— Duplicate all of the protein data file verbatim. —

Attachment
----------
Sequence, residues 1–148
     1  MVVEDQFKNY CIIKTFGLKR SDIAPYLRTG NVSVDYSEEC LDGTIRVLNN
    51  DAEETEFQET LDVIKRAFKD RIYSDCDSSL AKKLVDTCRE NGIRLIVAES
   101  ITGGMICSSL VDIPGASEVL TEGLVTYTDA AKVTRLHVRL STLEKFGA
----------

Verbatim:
Sequence, residues 1–148
     1  MVVEDQFKNY CIIKTFGLKR SDIAPYLRTG NVSVDYSEEC LDGTIRVLNN
    51  DAEETEFQET LDVIKRAFKD RIYSDCDSSL AKKLVDTCRE NGIRLIVAES
   101  ITGGMICSSL VDIPGASEVL TEGLVTYTDA AKVTRLHVRL STLEKFGA